I did pray, and I did cry. And all throughout that time, God was answering. He was good to me in my aloneness; He was the friend who was constantly present. But He was also answering with real people, imperfect people (like me), who lived beside me and went to church with me and who were a few steps ahead and behind me. I see this now, but at the time I couldn’t see past my wish-dream, my standards, and all my bitter longings. If I’d just looked around and if I’d just have been willing to take a few risks of vulnerability and initiation, I would have experienced the answer God was trying to give me.
That’s what I learned that day when the knife cut my finger and opened my heart. It wasn’t that I didn’t have anyone I could call; it was that I was afraid to call. It was that I would have rather drowned in self-sufficiency and isolation than risk reaching out or admitting my loneliness.
Are you lonely for a friend? Loneliness is nothing to be ashamed of; turn to God with your deepest desires and needs. While His love is steady and sure, know that nothing is constant about our relationships with one another–there will be times of abundance as well as times of aloneness. Cultivate a heart posture that receives both aloneness and togetherness as gift and grace. Perhaps this will give you fresh eyes for the women there all around you.
Christine Hoover is a pastor’s wife, mom to three boys, a speaker, and the author of several books, including From Good to Grace, and her latest, Messy Beautiful Friendship: Finding and Nurturing Deep and Lasting Relationships.
When Christine and her family moved from Texas to Charlottesville, Virginia in 2008 to plant a church, she got a much-needed re-do on making and deepening friendships. She now loves to help other women discover the surprising reasons friendship often eludes them, and she also loves helping them find the community they crave.
It wasn’t a question. From the time he’d walked in the door my tone had been short and snippy. He knew I’d had a long day and needed time to myself, even though I was insisting on cleaning up the dishes.
After stalling several times on my way out the door, I left. I played worship music in the car and talked to God about the things that were bothering me.
I didn’t take much time to listen. I didn’t pause to see whether he had an answer to my endless list of concerns and complaints.
But since our God is faithful and more patient than I deserve, he kept speaking.
One day in early February the weather was crazy warm. Spring warm. Our family went for a walk, and my five-year-old paused every five seconds to pick up rocks and sticks. He found his favorite bridge (a slat of wood) and hopped across, quite pleased with himself as he ran down the other side of the ravine.
Will you continue reading? Today Abby McDonald is hosting the #RaRaLinkup and we’d love for you to join us at her place!Click here to join us!
After a productive season, I hit a wall and it wasn’t my body that was bruised from the impact. It was my soul.
Right around this time, there was an event happening that I normally participated in, but I heard Him whisper not to take part. Attending this event was not what my soul needed. It would have resulted in more fatigue for my depleted self. Like a moth to flame, I was drawn to this bright and beautiful thing. But this phrase was stuck on repeat, calling me from it—to come and rest.
Tune out, so you can tune in.
But this event is a good thing, so more of a good thing must be good, right?
It was like I had eaten more than my share from the buffet and I wanted to keep going…keep reaching, keep filling, keep stuffing. It was tempting to want to fill up beyond capacity. But I had gorged on activity for so long that I needed to get empty so I could feel hunger again. Soul hunger.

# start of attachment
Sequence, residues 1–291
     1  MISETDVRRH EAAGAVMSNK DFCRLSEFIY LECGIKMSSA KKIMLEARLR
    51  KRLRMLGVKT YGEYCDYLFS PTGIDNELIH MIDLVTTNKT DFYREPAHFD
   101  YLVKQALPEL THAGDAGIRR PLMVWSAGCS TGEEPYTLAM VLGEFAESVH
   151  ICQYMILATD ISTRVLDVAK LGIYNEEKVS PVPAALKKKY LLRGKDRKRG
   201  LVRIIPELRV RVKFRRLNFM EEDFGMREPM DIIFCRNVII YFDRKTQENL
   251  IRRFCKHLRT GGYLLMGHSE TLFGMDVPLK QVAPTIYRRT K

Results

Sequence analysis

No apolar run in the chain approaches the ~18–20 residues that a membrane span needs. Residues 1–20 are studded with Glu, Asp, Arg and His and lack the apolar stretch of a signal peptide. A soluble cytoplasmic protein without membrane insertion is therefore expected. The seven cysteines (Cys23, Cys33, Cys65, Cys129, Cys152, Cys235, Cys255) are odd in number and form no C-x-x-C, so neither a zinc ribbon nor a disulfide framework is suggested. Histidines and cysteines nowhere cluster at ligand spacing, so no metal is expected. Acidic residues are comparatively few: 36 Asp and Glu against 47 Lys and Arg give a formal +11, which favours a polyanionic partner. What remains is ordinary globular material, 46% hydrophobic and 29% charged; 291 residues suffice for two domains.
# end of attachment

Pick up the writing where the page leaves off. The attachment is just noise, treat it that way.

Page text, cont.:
I needed a break so I could be put back together.
Too much activity starved my soul of the basic needs it craved:
A quick fill-up would not suffice. I needed slow, small, quiet to make sense of the ache that throbbed and demanded to be heard above the static.
I needed a respite—not just a break. I needed to rest within so I could breathe deep again.
My days and nights had become so crowded and loud that I could not hear the whisper of love, the healing balm, that my fragmented soul needed. I had overspent myself and was feeling the deficit. I had grabbed in order to gain but I was left more empty then when I started.
Slowing down long enough to hear my soul, I realized she was sad.
Why? I am not sure yet. But I am tuning in to His Love and asking Him to help me find out why.
What about you? Has the noise of life muted your soul? Have you found yourself trying to do more than you know is wise? Why?
We are prone to gorge ourselves on more but our souls cry out for true (not temporary) comfort. We fill and stuff (sometimes with good things) but eventually we hit a wall.
Our breaking point comes when we realize that our self-medication has gone bad.
Does your soul need a break from striving? Does your calendar need some white space? Have you forgotten who you are—buried underneath try-hard living?
It’s time. Time to turn down the loud and tune into His love. Listen to His voice of love as He restores your soul.
You don’t have to work for your worth. You don’t have to fix yourself.
Lean in and listen. Let Him soothe your soul. Let Him slow your rapid pace. Let Him love you—all of you.
Katie M. Reid is a writer and speaker who encourages others to find grace in the unraveling of life. She inspires women and youth to embrace their identity in Christ and live out their God-given purpose. Katie delights in her hubby, five children, and their life in ministry. Cut-to-the-chase conversation over hot or iced tea is one of her favorite things.
The boy stood there. Between him and the time of his life – was glass.
To move on to new adventure, he had to let go of reservations and fears and find a way around what stopped him. He had to submit to Father’s way, so he could find his way.
Often we get stopped. All the same, we peer out, uncertain about how to proceed, how to claim joy. We see the barrier – our fears, rejections and worries.